Woman drank 7lt of water a day to save her child
WHEN her waters broke at just 18 weeks, Cally Hibbert was told she was going to lose her baby.
The 27-year-old was admitted to hospital to await a miscarriage. When she did not go into early labour, she was advised to terminate the pregnancy.
Doctors said the unborn boy could not survive losing so much of the protective fluid from her womb - just 10 per cent of babies in his case will survive, The Sun reports.
But after conducting her own research, Cally sank 15 pints (seven litres) of water a day to replenish the lost liquid.
She claims it worked - and 10 weeks later, Cally gave birth to 1lb 10oz (0.73kg) Leo.
Cally, from Ashton-under-Lyne in Greater Manchester, says: "Leo is our real-life water baby. I'm sure the water I drank saved him by helping to protect him until he was strong enough to be born. I couldn't terminate when his heart was beating.
"That's when I desperately started researching and found the advice about the water. It's astonishing doctors said there was nothing they could do, yet something so simple may have saved his life."
Full-time mum Cally and partner Jason Clark, 26, an IT manager, already had Oliver, nine, and Holly, five, when they found out they would be parents again.
Having already suffered four miscarriages, Cally was terrified when she started bleeding early in the pregnancy and doctors diagnosed a blood clot in the womb.
To not tempt fate, superstitious Cally avoided taking photos of her bump. At 16 weeks, the bleeding seemed to have stopped. But just two weeks later, Cally was folding washing at home when she realised her waters had broken.
At hospital, a consultant told her the baby could not be saved and to expect a miscarriage.
She says: "Jason and I clung to each other and cried.
"It was heartbreaking to think our baby would soon be gone, especially as I could still feel him moving inside me.
"He was too small to survive labour.
"They called it a miscarriage but, to me, it didn't feel like that."
It was then she realised she had no pictures with her baby bump, so she got out her phone.
She recalls: "I cradled my bump and was saying goodbye to him as the picture was taken. I was so upset that this was going to be our first and last ever photo."
By the next morning there was still no sign of labour and a scan showed her son's heart was still beating.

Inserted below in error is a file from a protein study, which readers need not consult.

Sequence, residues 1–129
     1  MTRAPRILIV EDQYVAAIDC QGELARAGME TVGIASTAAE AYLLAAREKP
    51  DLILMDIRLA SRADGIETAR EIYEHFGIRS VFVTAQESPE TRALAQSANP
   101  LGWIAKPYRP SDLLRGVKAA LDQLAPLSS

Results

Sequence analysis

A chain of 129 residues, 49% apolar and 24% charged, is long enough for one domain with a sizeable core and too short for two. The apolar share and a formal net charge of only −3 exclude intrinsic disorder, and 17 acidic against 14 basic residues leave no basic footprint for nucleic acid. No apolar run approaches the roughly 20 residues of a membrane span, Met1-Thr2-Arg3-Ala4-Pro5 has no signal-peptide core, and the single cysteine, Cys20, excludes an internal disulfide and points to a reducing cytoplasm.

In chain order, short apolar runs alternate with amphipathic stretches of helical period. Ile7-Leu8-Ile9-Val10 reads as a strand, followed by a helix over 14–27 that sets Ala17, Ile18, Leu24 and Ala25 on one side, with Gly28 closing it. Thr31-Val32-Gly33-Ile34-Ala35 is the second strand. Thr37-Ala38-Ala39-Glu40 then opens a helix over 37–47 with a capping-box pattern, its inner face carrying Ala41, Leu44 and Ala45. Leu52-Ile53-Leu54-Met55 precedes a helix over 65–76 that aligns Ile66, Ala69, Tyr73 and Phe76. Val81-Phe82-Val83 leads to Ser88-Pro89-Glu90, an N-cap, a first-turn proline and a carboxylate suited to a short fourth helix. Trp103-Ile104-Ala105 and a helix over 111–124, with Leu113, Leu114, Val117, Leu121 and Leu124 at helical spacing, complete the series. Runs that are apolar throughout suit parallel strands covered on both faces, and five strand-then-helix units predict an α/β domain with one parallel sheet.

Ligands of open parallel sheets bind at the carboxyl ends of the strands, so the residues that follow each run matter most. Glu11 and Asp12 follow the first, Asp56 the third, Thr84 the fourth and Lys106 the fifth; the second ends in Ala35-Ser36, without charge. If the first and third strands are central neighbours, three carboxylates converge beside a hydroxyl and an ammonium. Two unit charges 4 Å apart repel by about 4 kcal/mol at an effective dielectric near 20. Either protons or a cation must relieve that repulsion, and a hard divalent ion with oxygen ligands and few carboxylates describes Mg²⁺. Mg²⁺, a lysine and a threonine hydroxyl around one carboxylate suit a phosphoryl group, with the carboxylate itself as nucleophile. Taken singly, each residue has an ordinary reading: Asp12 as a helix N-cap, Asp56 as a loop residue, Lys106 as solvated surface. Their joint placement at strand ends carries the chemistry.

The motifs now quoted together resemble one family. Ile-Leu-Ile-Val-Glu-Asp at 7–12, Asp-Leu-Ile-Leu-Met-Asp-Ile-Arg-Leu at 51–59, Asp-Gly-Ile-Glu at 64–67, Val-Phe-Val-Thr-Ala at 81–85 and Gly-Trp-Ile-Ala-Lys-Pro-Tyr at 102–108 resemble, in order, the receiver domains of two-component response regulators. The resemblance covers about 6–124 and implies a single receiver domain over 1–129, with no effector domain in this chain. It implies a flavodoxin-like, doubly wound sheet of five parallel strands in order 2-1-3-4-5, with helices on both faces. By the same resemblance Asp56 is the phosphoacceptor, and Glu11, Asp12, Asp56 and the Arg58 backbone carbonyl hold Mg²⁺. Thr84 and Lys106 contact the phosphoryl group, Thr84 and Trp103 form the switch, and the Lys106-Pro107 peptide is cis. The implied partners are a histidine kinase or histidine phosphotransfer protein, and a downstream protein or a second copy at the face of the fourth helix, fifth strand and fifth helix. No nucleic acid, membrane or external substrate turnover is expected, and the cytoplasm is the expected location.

She says: "I was told a termination was the best option because they said he had a less than one per cent chance of survival with my waters having broken so early.
"They said the small amount of fluid was not enough for him to survive."
Desperately seeking information, Cally headed to Facebook and found a group called Little Heartbeats, which supports women who suffer from pre-term pre-labour rupture of membranes, known as PPROM.
Cally says: "When I read that other mums believed drinking more water had helped, I knew straight away I couldn't give up on my baby.
"I kept researching and read that the more the mother drinks, the more the baby urinates which increases the amniotic fluid, so it made sense that drinking more might help replenish some of the waters at least.
"I had nothing to lose so thought I would try." Doctors accepted her decision but warned there was a high chance of infection.
Following advice on the Little Heartbeats website she rested as much as possible and drank 15 pints - nine litres - of water a day.
The average recommendation is to drink six to eight glasses (1.2 litres).
Vital for survival
SUN doctor Dr Carol Cooper says: "It's a real dilemma when the waters break this early in pregnancy."Just ten per cent of babies born at 18 weeks survive the mum's waters breaking."It's vital for the mother to rest and look out for fever or other symptoms that suggest infection."Drinking plenty of fluids prevents dehydration and can help fight infection. There's evidence extra fluids counteract the loss of amniotic fluid and help the baby survive."When a baby beats the odds and is born alive, as Leo was, lung problems are common, as amniotic fluid has a major effect on lung development."
She says: "It wasn't easy drinking that much but I had to try for our baby, so I forced it down."
To her and Jason's delight, their unborn son continued to grow.
Cally says: "I was desperate to get to 24 weeks, which is when Leo would be recognised as viable and given medical assistance to stay alive, so I just kept sipping away."
At 24 weeks she was given steroid injections to boost Leo's lungs.
Finally, at 28 weeks, contractions started and Cally gave birth to Leo at Royal Bolton Hospital on July 16, 2016. He was unresponsive and needed resuscitating but kept fighting and was finally allowed home a week before his due date in October. By then he was a healthy 6lb 1oz (2.75kg).
Now just a few months short of his second birthday, he has been given a clear bill of health.
Cally says: "All mums think their kids are a miracle but Leo really is."
This story first appeared on The Sun and is reproduced here with permission.
**WARNING**: There are inherent risks with drinking too much water. Please read this guide before attempting to drink more than the average recommended daily intake.